Machiavelli, Discourses on Livy
The Discourses on Livy (Italian: Discorsi sopra la prima deca di Tito Livio, literally “Discourses on the First Ten of Titus Livy”) is a work of political history and philosophy written in the early 16th century (c. 1517) by the Italian writer and political theorist Niccolò Machiavelli, best known as the author of The Prince. The Discourses were published posthumously with papal privilege in 1531.
The title identifies the work’s subject as the first ten books of Livy’s Ab urbe condita, which relate the expansion of Rome through the end of the Third Samnite War in 293 BCE, although Machiavelli discusses what can be learned from many other eras including contemporary politics. Machiavelli saw history in general as a way to learn useful lessons from the past for the present, and also as a type of analysis which could be built upon, as long as each generation did not forget the works of the past.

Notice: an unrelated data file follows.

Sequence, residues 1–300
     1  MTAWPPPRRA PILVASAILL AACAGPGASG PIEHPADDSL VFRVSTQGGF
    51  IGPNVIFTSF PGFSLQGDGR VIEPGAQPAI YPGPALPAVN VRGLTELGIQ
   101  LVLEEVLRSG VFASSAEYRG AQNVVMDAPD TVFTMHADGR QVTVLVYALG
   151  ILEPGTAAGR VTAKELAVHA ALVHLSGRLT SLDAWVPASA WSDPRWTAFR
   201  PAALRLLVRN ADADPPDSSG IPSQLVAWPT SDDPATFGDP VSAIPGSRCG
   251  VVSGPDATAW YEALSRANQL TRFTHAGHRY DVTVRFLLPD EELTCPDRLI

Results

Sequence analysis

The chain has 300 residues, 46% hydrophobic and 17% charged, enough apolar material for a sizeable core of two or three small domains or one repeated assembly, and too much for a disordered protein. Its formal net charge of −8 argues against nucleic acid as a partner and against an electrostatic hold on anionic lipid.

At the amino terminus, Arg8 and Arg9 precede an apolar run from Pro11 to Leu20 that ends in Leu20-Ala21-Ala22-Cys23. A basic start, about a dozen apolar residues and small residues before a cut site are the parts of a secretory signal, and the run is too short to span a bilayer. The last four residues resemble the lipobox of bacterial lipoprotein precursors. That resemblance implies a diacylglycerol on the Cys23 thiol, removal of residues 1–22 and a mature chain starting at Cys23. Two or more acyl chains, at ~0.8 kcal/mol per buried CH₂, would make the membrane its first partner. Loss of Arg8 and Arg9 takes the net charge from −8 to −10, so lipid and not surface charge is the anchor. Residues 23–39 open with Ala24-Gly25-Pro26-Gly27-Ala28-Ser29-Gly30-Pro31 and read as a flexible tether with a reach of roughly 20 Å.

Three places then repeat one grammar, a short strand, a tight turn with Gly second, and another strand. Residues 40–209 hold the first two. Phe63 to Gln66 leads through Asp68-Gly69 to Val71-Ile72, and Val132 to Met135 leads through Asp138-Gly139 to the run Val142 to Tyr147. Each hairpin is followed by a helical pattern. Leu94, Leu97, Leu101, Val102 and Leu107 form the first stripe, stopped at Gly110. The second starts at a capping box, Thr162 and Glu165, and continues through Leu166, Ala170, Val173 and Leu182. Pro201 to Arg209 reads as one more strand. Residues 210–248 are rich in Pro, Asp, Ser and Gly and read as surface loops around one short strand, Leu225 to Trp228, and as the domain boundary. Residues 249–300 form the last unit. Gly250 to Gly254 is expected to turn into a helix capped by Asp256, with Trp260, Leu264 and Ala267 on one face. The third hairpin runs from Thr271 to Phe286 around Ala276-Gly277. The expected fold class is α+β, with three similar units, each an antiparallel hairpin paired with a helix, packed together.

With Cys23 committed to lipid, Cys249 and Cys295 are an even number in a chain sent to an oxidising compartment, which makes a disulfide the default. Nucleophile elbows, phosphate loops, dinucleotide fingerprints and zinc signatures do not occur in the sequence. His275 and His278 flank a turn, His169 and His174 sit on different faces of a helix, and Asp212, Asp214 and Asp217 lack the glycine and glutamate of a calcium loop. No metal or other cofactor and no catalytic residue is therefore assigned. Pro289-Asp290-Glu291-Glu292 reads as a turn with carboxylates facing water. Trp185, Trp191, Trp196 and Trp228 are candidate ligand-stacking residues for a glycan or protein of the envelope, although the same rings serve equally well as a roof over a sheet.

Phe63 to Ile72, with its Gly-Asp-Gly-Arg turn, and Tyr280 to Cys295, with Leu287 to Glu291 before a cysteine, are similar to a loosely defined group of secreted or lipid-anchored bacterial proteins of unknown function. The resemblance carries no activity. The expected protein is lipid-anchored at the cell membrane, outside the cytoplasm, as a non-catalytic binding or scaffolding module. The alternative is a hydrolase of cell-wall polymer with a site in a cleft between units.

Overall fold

Machiavelli frequently describes Romans and other ancient peoples as superior models for his contemporaries, but he also describes political greatness as something which comes and goes amongst peoples, in cycles.
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